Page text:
Violence Against Speakers / Impunity
Perozo and others v. Venezuela
Venezuela, Bolivarian Republic of
In Progress Expands Expression
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The Public Prosecutor’s Office of Colombia declared that the kidnapping, torture and sexual attacks committed against Jineth Bedoya, a journalist of the newspaper El Espectador, by paramilitaries in collusion with state agents constituted crimes against humanity. Before her kidnapping, Jineth Bedoya Lima was investigating a series of crimes committed by paramilitaries and government officials in the Modelo prison in Bogota. The preliminary stage of the investigation into crimes against her lasted 11 years years without yielding any results. Hence, the statute of limitations for the crimes against Jineth Bedoya had expired and to prosecute, the Public Prosecutors had to determine whether the crimes against her fell under the scope of crimes against humanity, thus extending the statute of limitations.
Jineth Bedoya Lima, a journalist of the newspaper El Espectador, was investigating a series of crimes committed by paramilitaries and government officials in the Modelo prison in Bogota. The journalist’s articles highlighted grave human rights violations, including extrajudicial executions, and other crimes such as arms trafficking.
Several days before Jineth Bodoya Lima was kidnapped, other journalists investigating the same issues received written threats mailed directly to the newspaper’s offices. In response to this, the Jineth Bodoya Lima attempted to contact imprisoned members of paramilitary groups. On May 25, 2000, Jineth Bedoya received a call in which she was offered a face-to-face meeting in the Modelo prison with a member of a paramilitary group. She was promised information that was supposedly of interest to her.
At the gates of the prison, a man threatened her with a handgun and forcibly brought her to a warehouse. She was kept there for 16 hours during which time she was blindfolded, physically abused, insulted, and told that she was treated this way to teach the journalists of El Espectador a lesson. She was then raped and abandoned on a road leading to Bogota.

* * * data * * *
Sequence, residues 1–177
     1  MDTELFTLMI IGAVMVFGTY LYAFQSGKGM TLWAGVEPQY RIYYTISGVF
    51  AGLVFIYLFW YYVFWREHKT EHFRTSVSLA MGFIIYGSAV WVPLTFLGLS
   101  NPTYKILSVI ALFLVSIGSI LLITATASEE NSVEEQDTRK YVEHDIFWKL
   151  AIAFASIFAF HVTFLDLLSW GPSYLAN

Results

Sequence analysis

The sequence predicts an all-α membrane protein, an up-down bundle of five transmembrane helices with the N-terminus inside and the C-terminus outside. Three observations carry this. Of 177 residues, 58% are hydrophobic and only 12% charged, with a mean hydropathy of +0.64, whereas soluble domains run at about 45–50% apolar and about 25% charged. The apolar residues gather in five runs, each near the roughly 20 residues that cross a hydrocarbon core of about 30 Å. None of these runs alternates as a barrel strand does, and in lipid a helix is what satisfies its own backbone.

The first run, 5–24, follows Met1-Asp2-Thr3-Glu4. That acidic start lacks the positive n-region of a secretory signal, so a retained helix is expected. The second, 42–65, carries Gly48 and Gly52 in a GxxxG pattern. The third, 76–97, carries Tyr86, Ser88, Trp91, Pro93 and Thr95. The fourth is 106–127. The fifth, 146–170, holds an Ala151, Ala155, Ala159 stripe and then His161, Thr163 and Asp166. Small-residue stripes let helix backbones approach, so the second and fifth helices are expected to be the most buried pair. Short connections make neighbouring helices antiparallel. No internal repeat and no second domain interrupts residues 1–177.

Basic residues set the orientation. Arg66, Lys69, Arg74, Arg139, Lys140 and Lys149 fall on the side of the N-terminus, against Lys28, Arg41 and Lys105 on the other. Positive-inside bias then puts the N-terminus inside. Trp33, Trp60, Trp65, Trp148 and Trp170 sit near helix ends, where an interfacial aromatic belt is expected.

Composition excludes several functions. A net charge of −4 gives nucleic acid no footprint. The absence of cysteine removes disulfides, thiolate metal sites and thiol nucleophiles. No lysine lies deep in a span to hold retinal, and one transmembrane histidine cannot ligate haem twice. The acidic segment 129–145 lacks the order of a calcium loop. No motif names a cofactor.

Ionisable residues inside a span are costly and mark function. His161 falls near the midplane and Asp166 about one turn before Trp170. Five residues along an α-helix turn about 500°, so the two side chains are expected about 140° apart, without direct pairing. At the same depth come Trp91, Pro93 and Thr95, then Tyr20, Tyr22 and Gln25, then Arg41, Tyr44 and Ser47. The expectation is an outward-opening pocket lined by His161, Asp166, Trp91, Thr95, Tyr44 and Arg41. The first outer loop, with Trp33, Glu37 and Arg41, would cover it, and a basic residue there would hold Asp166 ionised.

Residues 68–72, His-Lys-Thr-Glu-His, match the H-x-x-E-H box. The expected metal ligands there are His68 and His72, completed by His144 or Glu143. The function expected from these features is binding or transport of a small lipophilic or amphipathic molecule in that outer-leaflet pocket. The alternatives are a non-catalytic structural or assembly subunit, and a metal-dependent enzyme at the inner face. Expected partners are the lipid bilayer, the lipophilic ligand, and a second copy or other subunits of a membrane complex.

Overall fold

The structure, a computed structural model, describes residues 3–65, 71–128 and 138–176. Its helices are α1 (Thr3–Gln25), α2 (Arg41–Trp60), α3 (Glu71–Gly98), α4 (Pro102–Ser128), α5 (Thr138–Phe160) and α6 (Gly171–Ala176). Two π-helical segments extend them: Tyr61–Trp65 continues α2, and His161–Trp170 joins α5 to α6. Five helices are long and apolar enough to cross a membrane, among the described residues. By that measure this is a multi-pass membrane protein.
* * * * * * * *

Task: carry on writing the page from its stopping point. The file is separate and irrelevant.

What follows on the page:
The legal editor of El Espectador filed a criminal complaint on behalf of Jineth Bodoya Lima. Law enforcement authorities launched an investigation and the preliminary stage lasted 11 years without yielding any results.
During an interview with an investigator of the Public Prosecutor’s Office, Alejandro Cárdenas Orozco admitted that he had been sent by a paramilitary group (the Bloque Centauros) to “kill” the journalist Jineth Bedoya, but the order had changed at the last minute, which is why she was released. At an evidentiary proceeding, the journalist identified Alejandro Cárdenas Orozco as one of the perpetrators of the crimes against her.
The case is currently under investigation.
The statute of limitations for the crimes against Jineth Bedoya had expired and to prosecute, the Public Prosecutors had to determine whether the crimes against her fell under the scope of crimes against humanity, thus extending the statute of limitations. Colombia’s Criminal Code and Criminal Code of Procedure do not include the concept of crimes against humanity as grounds for preventing the statute of limitations for criminal proceedings from expiring.
The Public Prosecutor’s Office had to determine whether the crimes of kidnapping, torture, and sexual assault committed against Jineth Bedoya Lima could be considered to be crimes against humanity, thus lifting the statute of limitations for criminal proceedings.
In reaching its decision, the Public Prosecutor’s Office began by recalling the State’s general obligation to guarantee truth, justice, reparations, and guarantees of non-repetition of crimes against victims of gross human rights violations.
The Public Prosecutor’s Office then determined the context within which the crimes were committed and established that the crimes were directly related to Colombia’s internal armed conflict. The Public Prosecutor’s Office stated that in the context of an internal armed conflict, criminal law must be interpreted in light of instruments of international criminal law and international humanitarian law, particularly the guidelines of the International Committee of the Red Cross, manuals on the concept and scope of international humanitarian law, and case law of the International Criminal Tribunal for the former Republic of Yugoslavia.